RE: Singer Vehicle Design | PH Meets

RE: Singer Vehicle Design | PH Meets

Tuesday 16th July

Singer Vehicle Design | PH Meets

The premise behind the new DLS was simple: building something that would never, ever be beaten



Having spent a decade restoring air-cooled 911s in California - in the process building a rock solid brand and pretty much creating a new industry out of nothing - Singer Vehicle Design had license to do whatever it wanted. Turns out, what Norwich-born Rob Dickinson and American Mazen Fawaz desperately wanted to do next was another reimagined 911. Albeit with a difference.

"The whole idea with DLS - and we can't say it without sounding like real pompous dicks - was to do something that would never be beaten." That's company founder Rob, who talks so bluntly and freely that if you didn't already know he spent the early part of his adult life fronting a rock band and not climbing a corporate ladder, you'd soon work it out. "We wanted to create a car that would be historically important; one that would get into the Porsche books that will inevitably be written. And we knew we couldn't do it sitting in California. We had to work with a proper engineering company. For us, the 911 is the most important sports car in the world and it's nothing more than it deserves."

Ask again a day later and both Rob and Maz, as he's known, will tell you they really just wondered what the ultimate air-cooled 911 would be like (they both admit to being hopelessly obsessed by Porsche's dainty sports car). So they set about creating it. Like the cars that emerge from Singer Vehicle Design's workshop on the West Coast - now referred to as Singer Classics - the DLS is a 964 restoration, but with serious funding and an unprecedented level of expertise lavished upon it. The primary technical partner is Williams Advanced Engineering - the consultancy division of Sir Frank's Formula One team - but Singer also worked closely with Michelin, BBS, Brembo and others in pursuit of the best possible results.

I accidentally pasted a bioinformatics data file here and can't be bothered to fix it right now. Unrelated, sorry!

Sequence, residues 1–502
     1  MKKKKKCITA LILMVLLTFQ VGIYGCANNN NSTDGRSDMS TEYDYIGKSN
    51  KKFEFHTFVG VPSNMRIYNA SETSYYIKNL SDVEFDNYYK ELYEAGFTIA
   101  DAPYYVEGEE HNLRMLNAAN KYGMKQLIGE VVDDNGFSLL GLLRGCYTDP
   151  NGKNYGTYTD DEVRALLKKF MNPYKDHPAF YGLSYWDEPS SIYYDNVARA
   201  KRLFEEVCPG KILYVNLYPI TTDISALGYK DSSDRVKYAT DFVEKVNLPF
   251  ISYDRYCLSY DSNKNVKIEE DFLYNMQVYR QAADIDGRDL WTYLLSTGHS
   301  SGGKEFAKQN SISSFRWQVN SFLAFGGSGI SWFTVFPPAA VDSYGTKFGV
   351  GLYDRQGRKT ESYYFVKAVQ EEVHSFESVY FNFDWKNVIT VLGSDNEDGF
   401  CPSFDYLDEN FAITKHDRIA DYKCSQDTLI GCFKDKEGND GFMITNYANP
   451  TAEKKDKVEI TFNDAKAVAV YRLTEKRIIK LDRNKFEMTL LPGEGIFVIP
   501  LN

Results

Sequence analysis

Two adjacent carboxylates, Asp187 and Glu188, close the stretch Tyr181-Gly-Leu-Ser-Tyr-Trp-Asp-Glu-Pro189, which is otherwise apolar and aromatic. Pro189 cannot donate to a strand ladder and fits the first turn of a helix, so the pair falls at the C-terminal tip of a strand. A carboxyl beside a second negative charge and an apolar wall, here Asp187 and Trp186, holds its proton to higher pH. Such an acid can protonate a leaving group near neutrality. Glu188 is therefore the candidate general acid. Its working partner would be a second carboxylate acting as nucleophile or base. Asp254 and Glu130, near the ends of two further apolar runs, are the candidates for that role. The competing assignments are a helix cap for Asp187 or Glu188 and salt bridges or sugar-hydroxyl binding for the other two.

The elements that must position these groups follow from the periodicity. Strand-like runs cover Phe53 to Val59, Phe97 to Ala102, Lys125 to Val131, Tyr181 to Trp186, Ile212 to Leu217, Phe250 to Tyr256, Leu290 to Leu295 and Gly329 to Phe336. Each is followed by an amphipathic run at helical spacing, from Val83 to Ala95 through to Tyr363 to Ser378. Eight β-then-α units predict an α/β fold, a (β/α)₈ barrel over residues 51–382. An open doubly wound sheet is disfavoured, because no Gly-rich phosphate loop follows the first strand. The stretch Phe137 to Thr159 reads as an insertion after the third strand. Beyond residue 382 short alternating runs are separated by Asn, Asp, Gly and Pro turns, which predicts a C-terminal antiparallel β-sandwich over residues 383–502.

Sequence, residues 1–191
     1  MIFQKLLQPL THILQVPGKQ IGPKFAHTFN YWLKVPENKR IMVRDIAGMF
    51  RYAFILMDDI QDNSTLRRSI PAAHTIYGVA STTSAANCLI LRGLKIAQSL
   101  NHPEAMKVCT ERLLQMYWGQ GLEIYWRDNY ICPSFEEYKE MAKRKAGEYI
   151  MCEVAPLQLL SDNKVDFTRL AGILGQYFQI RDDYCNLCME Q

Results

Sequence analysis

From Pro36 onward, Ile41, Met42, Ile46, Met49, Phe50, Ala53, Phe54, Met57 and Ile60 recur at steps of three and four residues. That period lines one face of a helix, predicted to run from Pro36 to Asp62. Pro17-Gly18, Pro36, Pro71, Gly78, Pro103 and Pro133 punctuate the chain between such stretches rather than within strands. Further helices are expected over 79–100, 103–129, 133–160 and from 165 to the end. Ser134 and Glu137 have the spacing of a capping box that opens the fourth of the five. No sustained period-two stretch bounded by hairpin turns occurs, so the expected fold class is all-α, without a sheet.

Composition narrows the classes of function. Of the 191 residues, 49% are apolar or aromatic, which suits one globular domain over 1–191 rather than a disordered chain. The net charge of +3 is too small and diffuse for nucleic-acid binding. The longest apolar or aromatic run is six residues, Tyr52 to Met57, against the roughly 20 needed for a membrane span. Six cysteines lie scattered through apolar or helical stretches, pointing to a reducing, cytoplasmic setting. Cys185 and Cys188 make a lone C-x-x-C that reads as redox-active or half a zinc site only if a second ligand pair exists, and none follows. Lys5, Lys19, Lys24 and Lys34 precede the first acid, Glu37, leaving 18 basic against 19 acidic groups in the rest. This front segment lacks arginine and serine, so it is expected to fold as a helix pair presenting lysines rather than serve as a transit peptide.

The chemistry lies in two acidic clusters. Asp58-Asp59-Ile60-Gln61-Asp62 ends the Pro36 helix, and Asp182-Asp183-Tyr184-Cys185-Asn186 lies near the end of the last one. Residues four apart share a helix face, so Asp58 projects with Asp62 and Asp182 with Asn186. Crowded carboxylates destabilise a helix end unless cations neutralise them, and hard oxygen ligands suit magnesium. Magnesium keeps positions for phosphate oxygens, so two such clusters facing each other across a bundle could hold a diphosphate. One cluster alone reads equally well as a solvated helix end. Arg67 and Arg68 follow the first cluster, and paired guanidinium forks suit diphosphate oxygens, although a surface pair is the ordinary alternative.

The machine - DLS stands for Dynamics and Lightweighting Study and the car is the result of it - isn't a trackday special, although I'm told it'll find its way around a circuit very happily indeed. Instead, it's been developed primarily for road use and even with day-to-day driving in mind. But to equip it with a level of performance and dynamic ability that no air-cooled 911 road car has ever known before, Singer pulled out all the stops, reaching far higher than the factory ever did. The front suspension, for instance, is a bespoke double wishbone setup. The rear suspension is bespoke as well. And anything that could be made out of carbon fibre or titanium or the hollow bones of tiny birds has been. Specify your DLS in the right way and it won't weigh any more than 1,000kg.

Perhaps the real innovation is the four-valve-per-cylinder head, a pair of which sit atop what is still an air-cooled engine. That's a first. The engineering challenge was titanic but has yielded 560hp without any form of forced induction. That'll give the car a power-to-weight ratio not unadjacent to a Bugatti Veyron's. There's so much more about this car I can't possibly list it all here, except to say it's been completely overhauled aerodynamically as well. Its ducktail spoiler actually does something; it's no longer an ornament.

Of course, the wonderful thing about selling 75 restored 911s at $1.8m apiece is that you can sit back and watch your bank balance swell as though you've won the lottery. Or not. "Everybody thinks we're making so much money," comments Rob. "We won't tell you how much we've had to spend on this project, but it's cost three times more than we thought it would. It's bonkers. We spent $500,000 engineering new door seals."